Day 26

One thing we've learned from the coronavirus is this: many of our assumptions about how life should work are not valid. We used to think everyone needed to go somewhere to be productive. But we're learning that many jobs can be done effectively from home. I've been telecommuting for 10 years. Now millions more are doing the same. One of my friends is a fraud analyst for a bank. Although it took her employer much too long to authorize teleworking, they finally made the call. Everything in her department that needs to get done is getting done.

With much of the world sheltering in place, some of the damage caused by humans has been mitigated, if only briefly. Noise levels have plummeted. Energy use has declined significantly. The air is cleaner, water too.

But don't worry, we'll fix that. Those who control government and industry can't wait for us to get back to our old ways. They profit by exploiting the people who do the work. All those health care professionals, EMTs, delivery people, and service workers who we consider "heroes" today? They'll go back to being "costs" in a few months, if not sooner.

The Orange Menace wants to get workers back to the salt mines by May 1st. He's not worried about their health, he's worried about his reelection prospects. If a few hundred thousand more people have to die to goose the economy, so be it. There are plenty who agree with him, a whole right-wing world of people who want their $7.25 an hour, even if it kills them.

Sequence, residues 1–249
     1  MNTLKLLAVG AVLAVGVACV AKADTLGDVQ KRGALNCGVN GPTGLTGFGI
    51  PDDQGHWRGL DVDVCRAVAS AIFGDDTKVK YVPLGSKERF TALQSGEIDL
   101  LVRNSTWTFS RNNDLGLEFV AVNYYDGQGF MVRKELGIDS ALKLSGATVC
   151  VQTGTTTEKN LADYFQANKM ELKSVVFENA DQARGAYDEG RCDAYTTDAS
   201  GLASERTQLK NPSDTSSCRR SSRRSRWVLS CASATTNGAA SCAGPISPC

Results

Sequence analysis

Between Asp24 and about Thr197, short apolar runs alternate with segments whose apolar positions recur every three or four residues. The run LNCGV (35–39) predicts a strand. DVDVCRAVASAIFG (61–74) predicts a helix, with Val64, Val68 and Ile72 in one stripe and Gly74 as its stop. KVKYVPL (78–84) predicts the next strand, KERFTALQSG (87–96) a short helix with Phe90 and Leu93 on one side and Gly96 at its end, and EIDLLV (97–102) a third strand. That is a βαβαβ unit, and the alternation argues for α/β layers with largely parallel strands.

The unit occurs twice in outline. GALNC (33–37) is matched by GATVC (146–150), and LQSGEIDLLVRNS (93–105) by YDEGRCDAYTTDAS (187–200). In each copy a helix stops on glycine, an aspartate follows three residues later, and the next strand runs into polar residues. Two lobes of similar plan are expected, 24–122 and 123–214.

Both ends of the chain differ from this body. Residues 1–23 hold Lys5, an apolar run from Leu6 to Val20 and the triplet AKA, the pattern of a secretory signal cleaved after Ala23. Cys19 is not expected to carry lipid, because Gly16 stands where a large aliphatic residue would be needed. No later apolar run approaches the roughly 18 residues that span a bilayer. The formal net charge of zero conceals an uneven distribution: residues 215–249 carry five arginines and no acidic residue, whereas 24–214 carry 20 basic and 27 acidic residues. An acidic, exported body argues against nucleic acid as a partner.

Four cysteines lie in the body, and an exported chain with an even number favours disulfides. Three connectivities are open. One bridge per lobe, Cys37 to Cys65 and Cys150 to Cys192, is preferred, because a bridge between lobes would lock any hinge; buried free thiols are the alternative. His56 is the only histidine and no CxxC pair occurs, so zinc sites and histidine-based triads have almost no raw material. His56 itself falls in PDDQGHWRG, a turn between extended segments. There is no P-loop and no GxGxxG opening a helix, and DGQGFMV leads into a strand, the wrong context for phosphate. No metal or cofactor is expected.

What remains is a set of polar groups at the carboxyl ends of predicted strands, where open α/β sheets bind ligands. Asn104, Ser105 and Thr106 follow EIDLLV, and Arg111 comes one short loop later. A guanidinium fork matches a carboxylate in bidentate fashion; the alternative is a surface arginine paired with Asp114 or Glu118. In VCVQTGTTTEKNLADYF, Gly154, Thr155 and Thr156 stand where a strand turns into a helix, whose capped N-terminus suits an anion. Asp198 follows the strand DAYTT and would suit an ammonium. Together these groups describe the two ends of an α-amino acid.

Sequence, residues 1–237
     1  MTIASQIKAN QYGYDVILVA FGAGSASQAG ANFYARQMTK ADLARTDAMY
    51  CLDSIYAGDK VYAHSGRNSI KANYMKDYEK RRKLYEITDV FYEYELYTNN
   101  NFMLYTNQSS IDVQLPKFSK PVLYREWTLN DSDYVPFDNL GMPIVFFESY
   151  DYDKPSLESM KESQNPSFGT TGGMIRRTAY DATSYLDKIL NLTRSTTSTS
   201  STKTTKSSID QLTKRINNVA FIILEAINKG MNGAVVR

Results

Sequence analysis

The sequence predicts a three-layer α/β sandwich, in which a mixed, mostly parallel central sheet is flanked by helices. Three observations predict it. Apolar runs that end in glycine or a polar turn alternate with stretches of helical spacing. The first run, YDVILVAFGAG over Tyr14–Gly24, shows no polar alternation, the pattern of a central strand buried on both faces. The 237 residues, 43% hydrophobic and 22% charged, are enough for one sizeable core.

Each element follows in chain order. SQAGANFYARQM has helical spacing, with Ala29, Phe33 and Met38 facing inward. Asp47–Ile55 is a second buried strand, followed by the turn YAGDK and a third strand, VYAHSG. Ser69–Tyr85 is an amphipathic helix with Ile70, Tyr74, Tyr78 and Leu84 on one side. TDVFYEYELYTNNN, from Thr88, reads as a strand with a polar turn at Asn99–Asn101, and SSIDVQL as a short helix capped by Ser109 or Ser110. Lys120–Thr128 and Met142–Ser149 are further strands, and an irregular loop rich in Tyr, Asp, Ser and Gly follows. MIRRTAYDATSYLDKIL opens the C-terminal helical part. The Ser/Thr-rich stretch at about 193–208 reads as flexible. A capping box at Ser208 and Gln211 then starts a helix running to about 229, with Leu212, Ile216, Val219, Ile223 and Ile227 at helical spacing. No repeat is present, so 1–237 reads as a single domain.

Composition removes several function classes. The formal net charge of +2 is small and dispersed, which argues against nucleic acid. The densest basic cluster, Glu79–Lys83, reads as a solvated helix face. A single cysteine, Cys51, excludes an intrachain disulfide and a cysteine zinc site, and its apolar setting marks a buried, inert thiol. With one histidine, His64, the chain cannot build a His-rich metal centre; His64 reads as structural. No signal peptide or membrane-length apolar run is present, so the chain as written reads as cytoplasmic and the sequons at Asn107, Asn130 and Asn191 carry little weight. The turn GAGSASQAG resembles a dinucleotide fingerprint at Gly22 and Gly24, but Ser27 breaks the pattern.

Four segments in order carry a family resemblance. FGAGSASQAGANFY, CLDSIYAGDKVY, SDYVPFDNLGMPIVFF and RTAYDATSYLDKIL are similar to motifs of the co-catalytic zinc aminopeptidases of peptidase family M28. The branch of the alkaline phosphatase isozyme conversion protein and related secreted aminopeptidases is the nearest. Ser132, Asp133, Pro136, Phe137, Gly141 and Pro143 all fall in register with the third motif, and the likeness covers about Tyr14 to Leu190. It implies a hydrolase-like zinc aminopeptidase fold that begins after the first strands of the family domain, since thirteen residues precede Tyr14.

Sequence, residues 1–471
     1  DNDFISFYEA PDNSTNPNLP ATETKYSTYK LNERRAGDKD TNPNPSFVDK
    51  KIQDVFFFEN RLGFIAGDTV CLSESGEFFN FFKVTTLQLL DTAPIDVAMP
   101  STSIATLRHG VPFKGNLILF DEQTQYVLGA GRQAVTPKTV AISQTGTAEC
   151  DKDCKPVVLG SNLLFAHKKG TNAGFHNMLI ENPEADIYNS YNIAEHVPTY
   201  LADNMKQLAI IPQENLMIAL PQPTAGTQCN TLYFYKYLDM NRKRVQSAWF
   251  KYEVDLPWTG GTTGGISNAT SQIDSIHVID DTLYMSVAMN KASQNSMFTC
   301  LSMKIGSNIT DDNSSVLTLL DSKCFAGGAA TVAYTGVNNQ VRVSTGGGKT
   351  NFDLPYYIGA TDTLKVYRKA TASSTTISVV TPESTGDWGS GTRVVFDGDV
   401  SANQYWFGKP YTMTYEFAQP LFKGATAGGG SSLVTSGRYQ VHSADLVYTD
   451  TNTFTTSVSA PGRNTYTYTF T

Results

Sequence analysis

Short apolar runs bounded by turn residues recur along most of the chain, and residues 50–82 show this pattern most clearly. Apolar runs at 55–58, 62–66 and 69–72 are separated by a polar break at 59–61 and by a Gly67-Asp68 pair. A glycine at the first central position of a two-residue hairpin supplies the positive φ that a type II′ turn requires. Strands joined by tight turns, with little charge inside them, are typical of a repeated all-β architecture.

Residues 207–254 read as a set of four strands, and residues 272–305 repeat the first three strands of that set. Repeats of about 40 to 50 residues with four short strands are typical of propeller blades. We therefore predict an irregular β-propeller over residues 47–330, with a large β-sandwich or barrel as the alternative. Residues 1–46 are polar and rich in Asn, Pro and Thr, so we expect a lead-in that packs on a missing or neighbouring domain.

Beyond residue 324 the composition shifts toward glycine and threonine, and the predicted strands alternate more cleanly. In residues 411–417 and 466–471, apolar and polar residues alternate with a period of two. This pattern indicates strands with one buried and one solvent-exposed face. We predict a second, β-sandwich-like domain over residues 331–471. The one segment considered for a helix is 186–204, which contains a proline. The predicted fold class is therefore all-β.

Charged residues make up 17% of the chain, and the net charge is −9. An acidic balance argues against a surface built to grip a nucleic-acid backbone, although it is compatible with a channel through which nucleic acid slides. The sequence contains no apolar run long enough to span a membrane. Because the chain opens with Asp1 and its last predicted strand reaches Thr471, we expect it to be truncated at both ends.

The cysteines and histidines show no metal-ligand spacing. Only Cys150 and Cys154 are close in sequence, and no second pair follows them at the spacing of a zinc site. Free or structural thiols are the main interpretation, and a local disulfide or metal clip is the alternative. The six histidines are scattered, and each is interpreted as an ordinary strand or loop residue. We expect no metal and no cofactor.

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One business sector that could suffer long-term consequences from coronavirus is commercial real estate. That sector has already been hit by the Amazoning of America, and now it's going to be hit by falling demand. A client of mine had already cut its global office space by half, allowing most of its 200,000 people to work from home. I'll bet they shed office space for another 50,000 in the next two years.

Another vulnerable sector is energy, where the collapse of oil prices (caused by falling demand) has made coal the most expensive fuel in the world. I don't see coal ever coming back.

Collapse in demand for office space and for fossil fuels is going beginning to ricochet through our economy, triggering an avalanche of bankruptcies and restructuring. That, in turn, is going to unsettle every other business sector well beyond the virus era. We'll be feeling the aftershocks for years,
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I like to think the coronavirus will teach us something about managing our world more carefully. But I'm not optimistic. We were stupid enough to let Donald F. Trump become president.

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Looking ahead, there's nothing more important than getting this Orange Menace out of the White House.

The second most important thing is keeping Dan Forest as far away from the governor's mansion as possible. Forest is fully on board with Trump's lies, obstruction, and incompetence.

The third most important thing is getting rid of Thom Tillis. Trump wouldn't be free to exploit America if it weren't for the likes of Tillis. The Senator had the chance to remove him from office and he failed. History, in this case, is a swift and brutal judge.

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We're at Peak Pollen here in Chapel Hill. I'm putting on my face mask and heading out to do some sweeping. Be safe.

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